Aggregation Support in the NSFNET Policy-Based Routing Database
RFC 1482

Document Type RFC - Historic (June 1993; No errata)
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Network Working Group                                   Mark Knopper
Request for Comments: 1482                      Steven J. Richardson
                                                        Merit/NSFNET
                                                           June 1993

    Aggregation Support in the NSFNET Policy-Based Routing Database

Status of this memo

   This memo provides information for the Internet community.  It does
   not specify an Internet standard.  Distribution of this memo is
   unlimited.

Abstract

   This document describes plans for support of route aggregation, as
   specified in the descriptions of Classless Inter-Domain Routing
   (CIDR) [1] and the BGP-4 protocol [2], by the NSFNET Backbone Network
   Service.  Mechanisms for exchange of route aggregates between the
   backbone service and regional/midlevel networks are specified.
   Additionally, the memo proposes the implementation of an Aggregate
   Registry which can be used by network service providers to share
   information about the use of aggregation.  Finally, the operational
   impact of incorporating CIDR and aggregation is considered, including
   an analysis of how routing table size will be affected.  This impact
   analysis will be used to modify the deployment plan, if necessary, to
   maximize operational stability.

1. Introduction

   The Internet network service provider community and router vendors
   (as well as the IESG and various IETF working groups) have agreed
   that the time for deployment of route aggregation is upon us. This
   topic has been discussed in the BGP-D, NJM and ORAD working groups at
   several IETF meetings; it was a discussion topic of the NSFNET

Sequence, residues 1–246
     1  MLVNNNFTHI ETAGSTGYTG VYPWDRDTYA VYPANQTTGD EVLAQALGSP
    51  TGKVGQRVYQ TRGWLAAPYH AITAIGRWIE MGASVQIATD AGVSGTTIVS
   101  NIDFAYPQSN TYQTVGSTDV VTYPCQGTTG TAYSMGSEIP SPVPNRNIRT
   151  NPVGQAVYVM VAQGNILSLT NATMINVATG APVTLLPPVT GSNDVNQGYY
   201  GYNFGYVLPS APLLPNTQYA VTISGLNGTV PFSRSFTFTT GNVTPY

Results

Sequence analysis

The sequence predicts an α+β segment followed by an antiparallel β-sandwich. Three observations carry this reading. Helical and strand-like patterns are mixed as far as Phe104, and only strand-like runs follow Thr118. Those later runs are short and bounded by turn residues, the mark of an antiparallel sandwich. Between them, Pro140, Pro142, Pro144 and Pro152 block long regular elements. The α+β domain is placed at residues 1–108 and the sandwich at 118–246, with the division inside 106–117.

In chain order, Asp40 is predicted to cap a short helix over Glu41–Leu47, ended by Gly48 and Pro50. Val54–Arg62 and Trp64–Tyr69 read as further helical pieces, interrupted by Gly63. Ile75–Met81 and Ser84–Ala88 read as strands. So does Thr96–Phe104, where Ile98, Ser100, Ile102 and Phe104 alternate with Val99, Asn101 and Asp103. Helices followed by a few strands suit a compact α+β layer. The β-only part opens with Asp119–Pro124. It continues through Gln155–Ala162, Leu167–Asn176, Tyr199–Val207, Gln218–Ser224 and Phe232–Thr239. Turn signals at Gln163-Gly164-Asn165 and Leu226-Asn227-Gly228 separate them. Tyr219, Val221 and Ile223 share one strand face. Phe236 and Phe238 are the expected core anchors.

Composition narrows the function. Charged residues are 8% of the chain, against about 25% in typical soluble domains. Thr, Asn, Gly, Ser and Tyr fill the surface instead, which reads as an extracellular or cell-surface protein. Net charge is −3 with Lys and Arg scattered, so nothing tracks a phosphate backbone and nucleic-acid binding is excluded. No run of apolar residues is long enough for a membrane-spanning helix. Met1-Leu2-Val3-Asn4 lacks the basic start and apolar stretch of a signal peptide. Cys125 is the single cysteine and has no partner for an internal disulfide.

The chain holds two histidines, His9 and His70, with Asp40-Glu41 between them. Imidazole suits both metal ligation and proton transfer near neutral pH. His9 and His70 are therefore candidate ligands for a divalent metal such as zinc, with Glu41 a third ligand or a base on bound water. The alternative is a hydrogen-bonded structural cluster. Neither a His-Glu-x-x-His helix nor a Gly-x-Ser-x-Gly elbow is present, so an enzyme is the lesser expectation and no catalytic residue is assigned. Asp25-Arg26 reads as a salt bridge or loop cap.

Regional Techs' Meetings in January and June, 1993; and it was also a
   topic of several meetings of the Federal Engineering Planning Group
   and Engineering and Operations Working Group of the Federal Network
   Council.

   All have generally agreed that Summer, 1993 is the time to enable
   BGP-4 and CIDR aggregation.  Each of the parties is responsible for
   its own aspect of CIDR implementation and practice. This memo
   describes Merit's plans for support of route aggregation on the
   NSFNET, and a proposal for implementing a database of aggregation
   information for use by network providers.

Knopper & Richardson                                            [Page 1]
RFC 1482              Routing Aggregation Support              July 1993

2. Aggregation Support by the Backbone Service

   The NSFNET backbone service includes a Policy-Based Routing Database
   system which currently holds the set of network numbers that are
   accepted by the backbone service with a list of Autonomous System
   numbers from which announcements of these network numbers are
   expected.  In order to implement CIDR, the database system will be
   modified to allow aggregation of routing information to be
   configured.

   The NSFNET will (initially) not support de-aggregation on its
   outbound announcements. See section 2.3.

2.1 Current Configuration Capabilities

2.1.1 Inbound Announcements

   An example of the way a network number is currently configured is as
   follows:

         35      1:237   2:233   3:183   4:266   5:267  6:1225

   This shows that network number 35 (ie. 35.0.0.0, a class A net
   number) is configured on the T3 backbone such that routing
   announcements are expected from up to 6 autonomous systems. The
   primary path is via AS 237, secondary is via AS 233, etc.

2.1.2 Outbound Announcements

   Currently the NSFNET database has a list of AS's or network numbers
   for each neighbor AS that are announced by the backbone to that AS.
   These announcements are specified currently by "announcetoAS"
   statements--which implement policies submitted by midlevels to
   Merit--and then included in the ANSnet router configuration files.
   There are two forms of these statements.  The first form uses the
   "norestrict" clause and indicates that all of the network numbers
   within each AS in the list should be announced to the neighbor
   midlevel AS. For example:

         announcetoAS 42 norestrict ASlist 22 26 38 60 68

   In this example, the NSFNET is configured to announce to neighboring
   midlevel AS 42, all networks in the routing table that were announced
   from AS's 22, 26, 38, 60 and 68.

   If the "norestrict" keyword is changed to "restrict", this indicates
   that an explicit announce list of network numbers for the AS is
   specified in the configuration file. The NSFNET will only announce

Knopper & Richardson                                            [Page 2]
RFC 1482              Routing Aggregation Support              July 1993

   network numbers that were announced by the AS's in the list, *AND*
   which appear in the "restrict list" of network numbers submitted
   separately by the midlevel.

      For example,

         announcetoAS 42 restrict ASlist 22

         announce 192.135.237 <other info>
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